The draft bill for Greece’s new electoral law was submitted Monday to a parliamentary committee for debate, before being put to a vote in a plenary session on January 22.
Before this time, the committee will convene three times – Wednesday, Thursday and Monday.
The new law provides for bonus seats for the winning party.
More specifically, if the winning party receives 25 percent of the vote it will get a bonus of 20 seats, and an additional seat for every additional half a percentage point.
If it wins more than 40 percent, then it will receive a maximum of 50 bonus seats.
The new law will require an enhanced majority of 200 in the 300-seat Parliament for it to be implemented by the next election. Otherwise the simple proportional system will apply and the new law will apply in the elections after the next.
Moreover, changes also stipulate that four votes will be required to elect the country’s next president, who will replace incumbent Prokopis Pavlopoulos.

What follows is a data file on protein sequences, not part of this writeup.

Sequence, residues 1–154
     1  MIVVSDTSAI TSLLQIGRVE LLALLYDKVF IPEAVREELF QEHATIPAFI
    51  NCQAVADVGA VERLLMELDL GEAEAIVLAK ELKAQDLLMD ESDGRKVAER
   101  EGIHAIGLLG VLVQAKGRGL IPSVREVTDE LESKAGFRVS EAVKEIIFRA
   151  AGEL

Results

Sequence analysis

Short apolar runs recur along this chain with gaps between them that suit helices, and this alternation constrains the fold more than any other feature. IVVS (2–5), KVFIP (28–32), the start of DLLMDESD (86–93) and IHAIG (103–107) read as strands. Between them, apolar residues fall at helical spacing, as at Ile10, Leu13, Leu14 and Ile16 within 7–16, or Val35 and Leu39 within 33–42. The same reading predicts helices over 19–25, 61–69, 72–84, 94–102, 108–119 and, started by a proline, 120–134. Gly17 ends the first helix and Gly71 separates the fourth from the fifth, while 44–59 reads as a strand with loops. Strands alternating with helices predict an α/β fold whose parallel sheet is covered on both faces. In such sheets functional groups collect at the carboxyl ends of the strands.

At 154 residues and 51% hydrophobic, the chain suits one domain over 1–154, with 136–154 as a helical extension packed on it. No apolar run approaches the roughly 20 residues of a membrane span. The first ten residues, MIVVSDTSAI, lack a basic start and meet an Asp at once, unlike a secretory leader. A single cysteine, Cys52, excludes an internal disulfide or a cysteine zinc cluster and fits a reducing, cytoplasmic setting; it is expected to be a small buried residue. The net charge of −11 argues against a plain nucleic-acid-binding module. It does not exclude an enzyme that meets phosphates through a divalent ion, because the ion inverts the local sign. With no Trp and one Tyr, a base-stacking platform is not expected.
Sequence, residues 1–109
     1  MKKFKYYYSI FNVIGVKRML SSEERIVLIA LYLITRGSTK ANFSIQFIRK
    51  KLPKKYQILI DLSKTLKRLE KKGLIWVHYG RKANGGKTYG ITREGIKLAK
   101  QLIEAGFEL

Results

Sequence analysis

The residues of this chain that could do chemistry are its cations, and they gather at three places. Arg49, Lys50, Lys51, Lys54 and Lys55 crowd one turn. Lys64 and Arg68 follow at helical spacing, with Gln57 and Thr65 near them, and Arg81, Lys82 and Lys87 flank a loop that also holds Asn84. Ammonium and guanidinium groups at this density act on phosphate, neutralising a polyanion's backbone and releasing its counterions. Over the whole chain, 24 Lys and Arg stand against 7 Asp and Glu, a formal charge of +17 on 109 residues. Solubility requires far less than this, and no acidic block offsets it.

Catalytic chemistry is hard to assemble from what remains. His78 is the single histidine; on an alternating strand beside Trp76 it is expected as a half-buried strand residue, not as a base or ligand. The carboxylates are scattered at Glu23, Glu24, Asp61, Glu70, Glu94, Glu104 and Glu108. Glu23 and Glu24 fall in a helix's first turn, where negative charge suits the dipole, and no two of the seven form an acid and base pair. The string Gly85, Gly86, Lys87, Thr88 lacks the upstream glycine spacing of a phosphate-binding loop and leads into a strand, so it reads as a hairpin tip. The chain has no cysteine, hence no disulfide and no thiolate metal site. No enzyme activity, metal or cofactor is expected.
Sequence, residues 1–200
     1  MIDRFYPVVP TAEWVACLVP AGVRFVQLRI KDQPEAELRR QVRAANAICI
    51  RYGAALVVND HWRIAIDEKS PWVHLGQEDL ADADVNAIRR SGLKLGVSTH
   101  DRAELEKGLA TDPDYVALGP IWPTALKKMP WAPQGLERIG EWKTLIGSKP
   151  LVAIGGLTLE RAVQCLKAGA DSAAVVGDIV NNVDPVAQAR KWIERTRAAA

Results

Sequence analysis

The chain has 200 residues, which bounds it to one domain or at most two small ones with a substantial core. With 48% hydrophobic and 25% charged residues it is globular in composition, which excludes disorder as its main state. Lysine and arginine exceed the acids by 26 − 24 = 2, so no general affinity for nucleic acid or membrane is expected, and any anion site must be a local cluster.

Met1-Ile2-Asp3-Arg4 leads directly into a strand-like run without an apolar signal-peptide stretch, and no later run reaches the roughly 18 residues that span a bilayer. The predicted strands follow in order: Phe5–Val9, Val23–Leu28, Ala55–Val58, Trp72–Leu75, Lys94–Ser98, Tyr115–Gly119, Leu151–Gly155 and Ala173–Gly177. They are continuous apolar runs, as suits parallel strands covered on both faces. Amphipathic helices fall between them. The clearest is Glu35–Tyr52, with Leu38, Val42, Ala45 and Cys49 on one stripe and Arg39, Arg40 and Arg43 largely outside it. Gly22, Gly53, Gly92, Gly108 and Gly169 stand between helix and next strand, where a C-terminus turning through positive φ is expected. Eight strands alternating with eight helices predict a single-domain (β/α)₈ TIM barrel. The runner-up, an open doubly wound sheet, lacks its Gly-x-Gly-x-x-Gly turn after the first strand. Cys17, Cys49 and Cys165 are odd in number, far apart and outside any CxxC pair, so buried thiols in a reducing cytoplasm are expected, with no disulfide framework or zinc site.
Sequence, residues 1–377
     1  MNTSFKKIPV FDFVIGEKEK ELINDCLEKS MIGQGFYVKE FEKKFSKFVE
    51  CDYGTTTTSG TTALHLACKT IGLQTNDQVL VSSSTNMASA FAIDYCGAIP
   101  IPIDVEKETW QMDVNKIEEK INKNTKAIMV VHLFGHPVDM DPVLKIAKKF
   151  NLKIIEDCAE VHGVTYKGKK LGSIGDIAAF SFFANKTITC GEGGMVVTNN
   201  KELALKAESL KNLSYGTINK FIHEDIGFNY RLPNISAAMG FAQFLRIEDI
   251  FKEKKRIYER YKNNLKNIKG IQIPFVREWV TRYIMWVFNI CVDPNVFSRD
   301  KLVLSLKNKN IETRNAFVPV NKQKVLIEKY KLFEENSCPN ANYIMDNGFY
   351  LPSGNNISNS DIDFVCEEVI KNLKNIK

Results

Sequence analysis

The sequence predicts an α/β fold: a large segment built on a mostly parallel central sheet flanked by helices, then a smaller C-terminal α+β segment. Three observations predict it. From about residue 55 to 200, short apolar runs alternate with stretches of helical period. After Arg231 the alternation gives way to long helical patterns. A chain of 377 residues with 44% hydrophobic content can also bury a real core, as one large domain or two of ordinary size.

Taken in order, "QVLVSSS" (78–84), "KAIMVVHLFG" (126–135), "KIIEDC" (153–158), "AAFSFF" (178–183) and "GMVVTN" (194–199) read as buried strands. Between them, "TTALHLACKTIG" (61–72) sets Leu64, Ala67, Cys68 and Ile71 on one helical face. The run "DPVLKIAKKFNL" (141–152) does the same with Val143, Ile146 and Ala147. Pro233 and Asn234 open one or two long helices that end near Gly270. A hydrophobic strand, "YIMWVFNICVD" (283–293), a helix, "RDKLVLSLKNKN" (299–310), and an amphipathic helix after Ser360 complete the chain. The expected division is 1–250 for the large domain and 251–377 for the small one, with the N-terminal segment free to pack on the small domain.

Given that Pavlopoulos’ term ends on March 12, the parliamentary procedure to elect his replacement should begin at least a month earlier.
As a result, Prime Minister Kyriakos Mitsotakis will have to announce the government’s proposed candidate in a time period stretching between the adoption of the electoral law and the first 10 days of February.
Mitsotakis will be in Davos from January 22-24, followed by a trip to Auschwitz, before heading for Paris on January 29 to meet French President Emmanuel Macron.
Pundits speculate that he will most likely announce his presidential candidate in the period leading up to his Paris visit.
In the meantime, he continues to keep his cards close to his chest regarding his preferred candidate and the timing of his announcement.